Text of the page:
By Adam Waheed, Road Test Editor

No Replacement for Displacement

Kawasaki touted its new and improved 2013 636cc-powered Ninja ZX-6R as offering better real world engine performance for both street and track riders alike. And while the motor certainly felt punchier during our initial test ride at Thunderhill Raceway Park last fall, we were surprised by how much of a difference those 37 extra cc’s equal after strapping it onto our dyno.


In terms of measured engine torque, the 636 shows an advantage from just over 6,000 revs. The torque curve broadens, surpassing the conventional 599cc engine’s peak at 9,800 rpm, and continues to generate power through 11,400 rpm. Although the 636’s peak output is only 3.75 lb-ft more, the graph shows the mid-range advantage right where a rider needs it the most.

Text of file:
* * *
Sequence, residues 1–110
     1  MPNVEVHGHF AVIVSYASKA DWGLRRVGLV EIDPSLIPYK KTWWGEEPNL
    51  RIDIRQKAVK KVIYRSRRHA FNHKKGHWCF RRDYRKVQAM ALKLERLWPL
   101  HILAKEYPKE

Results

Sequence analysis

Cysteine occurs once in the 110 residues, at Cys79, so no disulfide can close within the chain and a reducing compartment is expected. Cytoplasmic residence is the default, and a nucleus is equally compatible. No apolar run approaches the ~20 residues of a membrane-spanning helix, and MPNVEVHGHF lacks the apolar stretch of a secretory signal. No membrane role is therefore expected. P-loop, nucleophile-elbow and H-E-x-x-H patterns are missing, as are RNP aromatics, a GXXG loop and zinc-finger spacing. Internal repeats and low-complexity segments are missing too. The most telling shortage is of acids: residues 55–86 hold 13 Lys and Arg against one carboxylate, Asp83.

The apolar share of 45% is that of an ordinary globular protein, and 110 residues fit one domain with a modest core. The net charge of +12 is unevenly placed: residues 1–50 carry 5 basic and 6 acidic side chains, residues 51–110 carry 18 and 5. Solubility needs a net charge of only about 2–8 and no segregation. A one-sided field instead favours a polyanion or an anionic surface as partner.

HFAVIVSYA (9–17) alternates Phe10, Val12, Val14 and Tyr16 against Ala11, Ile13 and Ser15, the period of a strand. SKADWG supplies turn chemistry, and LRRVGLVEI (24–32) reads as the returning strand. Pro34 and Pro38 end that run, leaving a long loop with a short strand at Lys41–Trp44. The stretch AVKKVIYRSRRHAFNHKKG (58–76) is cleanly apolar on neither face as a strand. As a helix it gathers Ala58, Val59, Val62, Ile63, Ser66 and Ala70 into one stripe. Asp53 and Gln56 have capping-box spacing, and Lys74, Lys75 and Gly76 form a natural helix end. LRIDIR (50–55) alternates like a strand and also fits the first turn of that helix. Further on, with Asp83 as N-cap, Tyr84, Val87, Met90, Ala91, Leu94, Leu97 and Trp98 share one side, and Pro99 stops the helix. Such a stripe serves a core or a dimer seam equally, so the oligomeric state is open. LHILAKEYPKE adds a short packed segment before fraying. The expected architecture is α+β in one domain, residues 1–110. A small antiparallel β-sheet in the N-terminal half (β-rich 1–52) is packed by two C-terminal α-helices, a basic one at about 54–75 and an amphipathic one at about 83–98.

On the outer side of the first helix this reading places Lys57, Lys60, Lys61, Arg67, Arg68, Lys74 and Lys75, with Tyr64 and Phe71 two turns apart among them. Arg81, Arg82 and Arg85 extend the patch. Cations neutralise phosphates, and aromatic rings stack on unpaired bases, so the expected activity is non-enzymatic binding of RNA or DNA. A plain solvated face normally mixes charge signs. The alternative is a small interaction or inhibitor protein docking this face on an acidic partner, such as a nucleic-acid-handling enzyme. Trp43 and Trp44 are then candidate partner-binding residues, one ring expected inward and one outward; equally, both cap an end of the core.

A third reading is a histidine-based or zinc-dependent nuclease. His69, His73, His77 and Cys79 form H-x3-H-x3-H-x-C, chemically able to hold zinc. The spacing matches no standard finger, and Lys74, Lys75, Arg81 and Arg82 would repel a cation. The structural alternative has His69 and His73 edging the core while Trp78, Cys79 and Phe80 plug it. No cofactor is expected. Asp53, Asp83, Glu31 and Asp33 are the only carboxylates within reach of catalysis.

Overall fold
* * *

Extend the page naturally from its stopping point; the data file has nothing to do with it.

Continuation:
The previous iterations of Kawasaki’s 599cc Inline Four always impressed on the dyno, but the new mill reaches even loftier heights. The 2013 Ninja is the most powerful ZX-6R we’ve ever tested, generating just north of 114 horsepower at 13,500 rpm. Compared to the short-stroke version, it’s over seven peak ponies stronger, arriving at 500 rpm earlier in the range. Looking at the horsepower curve demonstrates the engine’s added brawn with it surpassing its prior output from as low as 6,000 rpm.

Although priced atop the 600cc class, if you’re a performance maven it’s hard to argue against the added muscle without having to purchase engine hop-up parts or exhaust systems, thereby saving you some cash in the long run.